NOBUHIRO SUWA: THE FILMMAKER OF INTIMACY
Intimacy, such a strange word. It entails a suspicious topology which is derived from a long tradition establishing a clear difference between the inner and the outer. However, beyond this dubious epistemology which establishes a separation between the world and the individual, the intimate realm is the arena where the Self exercises its own sovereignty and, also, the space of that which can happen between two people.
Indeed, a moment of intimacy is when a man, or a woman, can have access to that part of him, or her, which goes beyond the social roles he or she embodies and the usual trivialities in which a lifetime is squandered. Intimacy is an especially intense experience of the consciousness and this is why sometimes the expression “an intimate encounter” is used to refer to having sex, because a certain form of the sexual practice involves intimacy. We also say, sometimes, that we can only express those truths which we fear or cherish, or our desires, to those people with whom we share a certain degree of intimacy.
Nobuhiro Suwa filmic body of work circles around intimacy in various ways. The most evident one is related to a meticulous observation of love discord. Right since the beginning of his filmic career, Suwa has been interested in love relationships and the problems lovers have to face after time makes lack of understanding—or the discovery of incompatible desires—take root. A second approach to intimacy is determined by the invention of such experience itself, which its primary constitution, as it could be expected, begins in childhood, when
language and the interaction with the world—and the affective organization of the subject in face of the world—become recognizable for the child. There is also a third self- reflecting path to understand intimacy in which it becomes evident that cinema itself is an aesthetic form which offers a paradoxical way to approach the subject: Many intimate experiences can be filmed but, when doing so, it is necessary to point out at the limits of any form of representation; and, in Suwa’s films, this is done by marking the distance of any given image and reality or, if you will, by putting into evidence the artifice through which an intimate experience, apparently taken right from existence itself, is really an aesthetic construction.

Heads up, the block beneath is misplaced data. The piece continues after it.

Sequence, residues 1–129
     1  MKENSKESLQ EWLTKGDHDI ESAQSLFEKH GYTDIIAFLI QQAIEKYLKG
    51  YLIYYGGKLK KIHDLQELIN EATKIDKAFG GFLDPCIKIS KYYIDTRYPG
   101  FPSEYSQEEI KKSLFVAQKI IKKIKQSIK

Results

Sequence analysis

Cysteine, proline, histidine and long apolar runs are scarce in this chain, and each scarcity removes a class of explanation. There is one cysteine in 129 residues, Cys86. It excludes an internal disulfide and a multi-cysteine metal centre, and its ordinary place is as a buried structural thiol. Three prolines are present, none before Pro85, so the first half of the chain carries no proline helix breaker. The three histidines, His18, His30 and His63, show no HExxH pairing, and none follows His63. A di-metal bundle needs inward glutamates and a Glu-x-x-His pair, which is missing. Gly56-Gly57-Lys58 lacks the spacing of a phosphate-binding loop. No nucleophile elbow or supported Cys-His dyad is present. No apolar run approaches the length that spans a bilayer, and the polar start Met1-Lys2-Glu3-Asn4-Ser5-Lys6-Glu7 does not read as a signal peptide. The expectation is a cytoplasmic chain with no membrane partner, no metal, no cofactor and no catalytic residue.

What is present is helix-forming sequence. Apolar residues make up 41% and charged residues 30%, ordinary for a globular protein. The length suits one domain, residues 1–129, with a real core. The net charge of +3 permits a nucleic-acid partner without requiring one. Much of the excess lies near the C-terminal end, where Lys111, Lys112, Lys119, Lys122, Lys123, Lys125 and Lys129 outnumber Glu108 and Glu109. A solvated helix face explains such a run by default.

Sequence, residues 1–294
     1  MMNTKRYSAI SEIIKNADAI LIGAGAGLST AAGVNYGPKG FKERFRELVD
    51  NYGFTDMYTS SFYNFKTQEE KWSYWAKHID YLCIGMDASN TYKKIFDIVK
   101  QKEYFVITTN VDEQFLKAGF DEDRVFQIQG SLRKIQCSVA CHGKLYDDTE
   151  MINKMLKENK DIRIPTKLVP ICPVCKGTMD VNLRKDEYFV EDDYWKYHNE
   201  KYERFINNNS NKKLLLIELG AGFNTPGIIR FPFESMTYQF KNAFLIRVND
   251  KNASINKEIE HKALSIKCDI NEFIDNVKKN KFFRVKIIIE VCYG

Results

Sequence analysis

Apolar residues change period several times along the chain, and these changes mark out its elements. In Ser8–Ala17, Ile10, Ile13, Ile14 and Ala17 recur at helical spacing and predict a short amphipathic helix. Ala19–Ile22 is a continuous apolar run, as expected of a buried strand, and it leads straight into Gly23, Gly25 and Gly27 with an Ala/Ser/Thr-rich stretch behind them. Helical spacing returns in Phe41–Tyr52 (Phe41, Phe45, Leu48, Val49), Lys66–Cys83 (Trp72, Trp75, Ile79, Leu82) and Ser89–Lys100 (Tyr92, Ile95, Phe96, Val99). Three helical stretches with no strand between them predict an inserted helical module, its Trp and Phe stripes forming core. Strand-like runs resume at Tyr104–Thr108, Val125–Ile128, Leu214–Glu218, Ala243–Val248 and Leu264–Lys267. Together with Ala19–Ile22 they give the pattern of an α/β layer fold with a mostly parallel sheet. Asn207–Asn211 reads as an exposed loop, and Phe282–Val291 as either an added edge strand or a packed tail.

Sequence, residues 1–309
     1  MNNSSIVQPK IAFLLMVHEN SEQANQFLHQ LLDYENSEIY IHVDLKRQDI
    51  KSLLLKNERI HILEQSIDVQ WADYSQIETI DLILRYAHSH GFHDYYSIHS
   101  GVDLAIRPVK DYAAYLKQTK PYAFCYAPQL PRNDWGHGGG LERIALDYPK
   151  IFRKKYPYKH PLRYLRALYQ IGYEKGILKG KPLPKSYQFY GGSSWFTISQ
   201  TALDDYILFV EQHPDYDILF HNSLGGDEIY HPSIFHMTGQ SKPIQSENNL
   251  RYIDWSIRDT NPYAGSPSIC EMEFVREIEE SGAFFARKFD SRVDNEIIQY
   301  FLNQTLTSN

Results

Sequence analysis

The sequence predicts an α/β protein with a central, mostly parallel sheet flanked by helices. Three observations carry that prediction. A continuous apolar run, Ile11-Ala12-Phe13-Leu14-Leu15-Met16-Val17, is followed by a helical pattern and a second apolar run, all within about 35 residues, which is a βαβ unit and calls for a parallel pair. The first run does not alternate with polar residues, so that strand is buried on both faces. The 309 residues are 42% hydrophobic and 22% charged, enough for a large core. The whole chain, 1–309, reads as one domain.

2/Duo, M/Other, and Un couple parfait adhere to the winding affective vicissitudes which affect couples. In 2/Duo, Suwa’s first feature, a young couple is unable to build a minimally acceptable relationship. A young unemployed actor can only begin to grasp the reasons to be with someone else and, in this, he is not far away from the young clothes seller who is also unable to understand that submitting to the desire of the other in order to be part of a couple is a pathological choice. Isn’t it true that Suwa is a keen observer of those unconscious pacts which promote—more so than love—love life’s everyday pathology? Isn’t it true that Suwa is the most psychoanalytical of all Japanese directors?
M/Other, what we see happening are the complications in a couple’s libidinal economy when the man’s young child, who was living with the man’s ex-wife, has to spend a while with him and his girlfriend. The microscopic consequences of this new presence in their house are cleverly and accurately staged by Suwa, who is able to identify the changes in the characters’ subjective 195 positions and includes the child himself—which is a true feat, since this procedure takes into account, democratically, the affective effect on the woman, the man, and the child. In Un couple parfait attention is focused on the definitive end of the love among two people and the huge difficulty to accept it, especially when discord and the passions of resentment are not part of the equation of love and what one tries to assume is the exhaustion of desire (for the other).